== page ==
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Understanding the PDF Report

The PDF reports can be a lot to take in at first -- so many numbers and lines and colors! It can be overwhelming, for sure. We’d love to help you to understand your PDF reports better! Let’s dive in!

 

The First Page:

 

In the top of your report, there’s a page that gives you an overview of the entire period you’ve chosen for the report - either two weeks or 3 months.

 

First, you’ll see the dates for the report - super helpful for context!

There’s also an overview bar with some information. Here’s what that bar tells you:

 

  • Estimated A1c for the week - since your glucose can change over time, showing an estimated A1c for the week can help to hone in on the weeks that feel a little “off.” If you’re making gradual changes to improve your control, you’ll also be able to see the progress you’re making too! *This is calculated from manually added or imported Blood Glucose values only
  • Blood Glucose (BG) average for the week 
  • Standard Deviation for the week (how much your glucose has gone above or below your average glucose -- the “swing” factor)
  • Activity time for the week
  • The percentage of hypos - the number of glucose entries below your target range
  • The percentage of hypers - the number of glucose entries above your target range

 

If you need help adjusting your target range in the app to match your doctor’s recommendations, please feel free to reach out to us at support@mysugr.com.

 

The Top Bar

 

In the top of your report, there’s a bar with lots of information for the entire week. (There’s one week of data per page) Here’s what that bar tells you:

 

  • The week of the year, and dates during that week.
  • Bolus / Basal ratio in units - this can help your doctor spot when your insulin doses need to be adjusted
  • Estimated A1c for the week - since your glucose can change over time, showing an estimated A1c for the week can help to hone in on the weeks that feel a little “off.” If you’re making gradual changes to improve your control, you’ll also be able to see the progress you’re making too! *This is calculated from manually added or imported Blood Glucose values only
  • Blood Glucose (BG) average for the week 
  • Standard Deviation for the week (how much your glucose has gone above or below your average glucose -- the “swing” factor)
  • Activity time for the week
  • Percentage of hypos - the number of glucose entries below your target range
  • Percentage of hypers - the number of glucose entries above your target range

 

 

Now - let’s move on to the graph!

 

Your report is broken down into one line per day, and the hours of the day are shown in a column by column format, similar to an Excel sheet.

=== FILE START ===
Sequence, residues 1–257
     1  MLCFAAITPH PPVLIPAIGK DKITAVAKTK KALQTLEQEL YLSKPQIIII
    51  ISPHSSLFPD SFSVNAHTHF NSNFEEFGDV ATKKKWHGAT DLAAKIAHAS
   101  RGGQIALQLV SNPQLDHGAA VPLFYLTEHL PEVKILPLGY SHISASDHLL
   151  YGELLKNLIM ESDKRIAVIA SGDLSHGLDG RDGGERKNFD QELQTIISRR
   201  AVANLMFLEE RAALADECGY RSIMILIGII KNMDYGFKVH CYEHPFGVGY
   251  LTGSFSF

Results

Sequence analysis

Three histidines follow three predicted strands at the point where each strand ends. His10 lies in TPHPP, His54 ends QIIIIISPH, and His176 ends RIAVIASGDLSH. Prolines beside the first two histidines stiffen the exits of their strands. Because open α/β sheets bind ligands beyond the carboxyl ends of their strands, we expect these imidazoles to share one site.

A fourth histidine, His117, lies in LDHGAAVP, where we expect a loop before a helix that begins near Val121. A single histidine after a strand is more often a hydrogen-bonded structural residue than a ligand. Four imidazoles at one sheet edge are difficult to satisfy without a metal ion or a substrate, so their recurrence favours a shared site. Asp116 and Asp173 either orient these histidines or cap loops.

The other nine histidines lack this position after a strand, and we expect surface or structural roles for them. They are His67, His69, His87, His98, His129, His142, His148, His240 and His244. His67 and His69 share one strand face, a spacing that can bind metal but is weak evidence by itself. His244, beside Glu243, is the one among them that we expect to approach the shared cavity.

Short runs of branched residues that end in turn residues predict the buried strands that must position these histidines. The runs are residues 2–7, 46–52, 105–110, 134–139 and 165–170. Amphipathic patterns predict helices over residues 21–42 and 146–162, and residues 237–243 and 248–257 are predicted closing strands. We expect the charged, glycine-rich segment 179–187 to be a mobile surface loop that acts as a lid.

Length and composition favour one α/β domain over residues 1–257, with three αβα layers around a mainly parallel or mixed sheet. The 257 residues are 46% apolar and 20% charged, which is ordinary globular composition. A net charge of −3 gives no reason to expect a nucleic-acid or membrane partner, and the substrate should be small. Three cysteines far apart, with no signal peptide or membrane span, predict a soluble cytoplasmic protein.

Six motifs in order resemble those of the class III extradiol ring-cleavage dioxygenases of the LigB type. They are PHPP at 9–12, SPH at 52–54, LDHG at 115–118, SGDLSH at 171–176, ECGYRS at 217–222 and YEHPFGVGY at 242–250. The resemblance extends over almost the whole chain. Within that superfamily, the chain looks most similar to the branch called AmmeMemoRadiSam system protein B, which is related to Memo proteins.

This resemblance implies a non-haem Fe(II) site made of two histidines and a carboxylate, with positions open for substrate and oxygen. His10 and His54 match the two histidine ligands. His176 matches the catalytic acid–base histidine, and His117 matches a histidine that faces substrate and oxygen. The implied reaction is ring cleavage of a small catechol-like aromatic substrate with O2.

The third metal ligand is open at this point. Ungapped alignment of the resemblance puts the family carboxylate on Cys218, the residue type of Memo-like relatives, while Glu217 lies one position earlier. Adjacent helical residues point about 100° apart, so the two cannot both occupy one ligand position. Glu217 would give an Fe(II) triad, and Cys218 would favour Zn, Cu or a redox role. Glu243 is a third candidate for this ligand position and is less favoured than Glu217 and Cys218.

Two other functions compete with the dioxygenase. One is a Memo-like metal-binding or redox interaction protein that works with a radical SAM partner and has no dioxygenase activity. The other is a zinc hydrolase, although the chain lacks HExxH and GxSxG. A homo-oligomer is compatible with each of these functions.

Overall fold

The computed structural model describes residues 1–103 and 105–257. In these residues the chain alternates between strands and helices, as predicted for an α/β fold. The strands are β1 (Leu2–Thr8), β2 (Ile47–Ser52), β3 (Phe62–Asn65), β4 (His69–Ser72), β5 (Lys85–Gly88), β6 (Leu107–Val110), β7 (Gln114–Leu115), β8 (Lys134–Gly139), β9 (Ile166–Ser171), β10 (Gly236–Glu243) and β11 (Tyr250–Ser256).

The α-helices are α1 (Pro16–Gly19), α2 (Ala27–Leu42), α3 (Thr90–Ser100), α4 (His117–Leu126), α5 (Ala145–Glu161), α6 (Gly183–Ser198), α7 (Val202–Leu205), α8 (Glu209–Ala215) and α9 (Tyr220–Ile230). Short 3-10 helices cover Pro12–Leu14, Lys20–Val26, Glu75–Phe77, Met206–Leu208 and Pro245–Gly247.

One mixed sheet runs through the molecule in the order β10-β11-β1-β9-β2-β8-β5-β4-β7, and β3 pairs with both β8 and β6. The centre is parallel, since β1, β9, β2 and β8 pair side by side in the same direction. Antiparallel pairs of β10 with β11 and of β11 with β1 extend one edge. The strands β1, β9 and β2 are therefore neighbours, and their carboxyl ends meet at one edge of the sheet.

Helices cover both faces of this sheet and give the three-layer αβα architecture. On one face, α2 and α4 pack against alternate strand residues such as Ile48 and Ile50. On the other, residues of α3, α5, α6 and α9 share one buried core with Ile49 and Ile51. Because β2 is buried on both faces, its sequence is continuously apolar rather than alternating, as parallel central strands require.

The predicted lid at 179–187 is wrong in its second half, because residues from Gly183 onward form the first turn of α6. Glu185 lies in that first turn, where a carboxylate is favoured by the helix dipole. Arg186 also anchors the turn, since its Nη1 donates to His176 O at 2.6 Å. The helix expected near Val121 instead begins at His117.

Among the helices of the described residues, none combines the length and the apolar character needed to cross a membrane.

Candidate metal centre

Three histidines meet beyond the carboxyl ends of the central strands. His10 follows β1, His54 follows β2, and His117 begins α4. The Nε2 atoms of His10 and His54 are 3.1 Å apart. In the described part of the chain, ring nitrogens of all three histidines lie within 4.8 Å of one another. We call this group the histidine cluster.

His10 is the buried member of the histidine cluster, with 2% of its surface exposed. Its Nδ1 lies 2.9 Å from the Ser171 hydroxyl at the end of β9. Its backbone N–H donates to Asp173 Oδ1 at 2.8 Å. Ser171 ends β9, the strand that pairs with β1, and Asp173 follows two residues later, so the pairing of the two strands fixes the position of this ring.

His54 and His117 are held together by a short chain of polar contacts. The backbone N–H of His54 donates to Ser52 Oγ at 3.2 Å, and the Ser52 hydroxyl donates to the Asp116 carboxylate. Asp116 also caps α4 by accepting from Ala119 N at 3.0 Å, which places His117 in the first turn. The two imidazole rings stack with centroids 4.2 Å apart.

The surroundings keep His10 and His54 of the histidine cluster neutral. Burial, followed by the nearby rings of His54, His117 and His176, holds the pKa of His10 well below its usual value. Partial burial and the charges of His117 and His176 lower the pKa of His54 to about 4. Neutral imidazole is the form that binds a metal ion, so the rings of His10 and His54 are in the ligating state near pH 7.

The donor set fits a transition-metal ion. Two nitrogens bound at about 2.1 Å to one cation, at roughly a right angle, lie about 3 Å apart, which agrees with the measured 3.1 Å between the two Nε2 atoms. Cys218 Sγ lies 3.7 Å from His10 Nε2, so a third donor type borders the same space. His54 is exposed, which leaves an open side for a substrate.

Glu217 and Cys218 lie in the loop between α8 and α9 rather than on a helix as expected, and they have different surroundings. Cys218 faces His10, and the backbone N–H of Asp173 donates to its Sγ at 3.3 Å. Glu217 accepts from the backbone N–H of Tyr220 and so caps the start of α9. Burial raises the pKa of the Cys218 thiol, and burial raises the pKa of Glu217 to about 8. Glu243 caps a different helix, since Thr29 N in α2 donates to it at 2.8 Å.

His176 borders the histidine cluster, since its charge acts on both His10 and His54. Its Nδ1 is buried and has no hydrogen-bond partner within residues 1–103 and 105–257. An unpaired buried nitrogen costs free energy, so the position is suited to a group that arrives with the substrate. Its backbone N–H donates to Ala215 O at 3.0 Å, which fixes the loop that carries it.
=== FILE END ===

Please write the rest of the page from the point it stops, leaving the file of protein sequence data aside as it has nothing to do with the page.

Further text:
On the left, you’ll see a key for what each line holds: Basal, Bolus, BG, Carbs, and Activity Time.

 

Basals: If basal rates for pump users have been entered into the app, they are broken down at the top of the day for each hour. If you’re on pen therapy, your basal (long-acting) dose is noted at the hour you took and logged the dose.

 

Boluses (insulin given for food or corrections) are shown second on the daily line.

 

BG (blood glucose) values entered are shown the third line.

 

Carbs entered are shown on the fourth line.

 

Activity time you’ve entered either from Apple Health or logged manually into the app is shown the fifth line.

 

On the right-hand side of the day graph, the sum of the entries for carbs and insulin are shown (as well as a percentage breakdown of the bolus vs basal insulin), the average glucose for the day, along with the total amount of activity time.

 

 

Lines in the graph:

 

The graph also contains some essential lines to help you connect visually what the data is telling you as well. They are gray, red, and purple.

 

Gray lines connect the glucose values to give a visual representation of how your glucose levels are flowing during the day. If you only have manually entered glucose readings, the line will only connect between each entry. If you have Dexcom data imported through Apple Health, the CGM data will show as a gray dotted line. 

 

If your glucose rises above or falls below your target range for the day, you may see a red shaded area. This shading is to give a visual of the time spent above your target range for the day, and to help you spot trouble areas, primarily if it occurs at the same time each day.

 

If your BG number shows a small circle with a line diagonally through it, that means it’s the average of two or more blood glucose values that were entered during the same hour of the day. You’ll see these numbers broken down in the notes below the daily graph.

 

If your BG or Carb number has a smaller number to the upper right (called superscript), that means you’ve added a tag (like dairy, legumes, starch, etc.) or note (toast with peas, milk) to help give more context to that particular entry.

 

 

And that’s it! 

 

Show off your new expert report reading skills to your doctor or diabetes educator at your next visit! And let us know if you have any further questions! Here's a video too! 

 

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